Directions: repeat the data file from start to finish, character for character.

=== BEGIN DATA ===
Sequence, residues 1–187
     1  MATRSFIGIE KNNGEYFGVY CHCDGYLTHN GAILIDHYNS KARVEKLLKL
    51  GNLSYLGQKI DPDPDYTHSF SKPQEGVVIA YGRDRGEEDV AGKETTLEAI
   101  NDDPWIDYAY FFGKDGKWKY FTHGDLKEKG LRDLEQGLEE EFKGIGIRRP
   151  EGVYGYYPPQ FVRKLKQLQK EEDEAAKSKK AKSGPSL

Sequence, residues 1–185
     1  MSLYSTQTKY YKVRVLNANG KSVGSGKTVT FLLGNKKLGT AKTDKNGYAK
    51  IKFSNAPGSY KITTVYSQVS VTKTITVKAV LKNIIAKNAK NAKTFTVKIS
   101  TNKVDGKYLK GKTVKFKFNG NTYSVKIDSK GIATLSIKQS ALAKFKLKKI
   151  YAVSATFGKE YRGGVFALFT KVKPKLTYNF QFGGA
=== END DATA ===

Sequence, residues 1–187
     1  MATRSFIGIE KNNGEYFGVY CHCDGYLTHN GAILIDHYNS KARVEKLLKL
    51  GNLSYLGQKI DPDPDYTHSF SKPQEGVVIA YGRDRGEEDV AGKETTLEAI
   101  NDDPWIDYAY FFGKDGKWKY FTHGDLKEKG LRDLEQGLEE EFKGIGIRRP
   151  EGVYGYYPPQ FVRKLKQLQK EEDEAAKSKK AKSGPSL

Sequence, residues 1–185
     1  MSLYSTQTKY YKVRVLNANG KSVGSGKTVT FLLGNKKLGT AKTDKNGYAK
    51  IKFSNAPGSY KITTVYSQVS VTKTITVKAV LKNIIAKNAK NAKTFTVKIS
   101  TNKVDGKYLK GKTVKFKFNG NTYSVKIDSK GIATLSIKQS ALAKFKLKKI
   151  YAVSATFGKE YRGGVFALFT KVKPKLTYNF QFGGA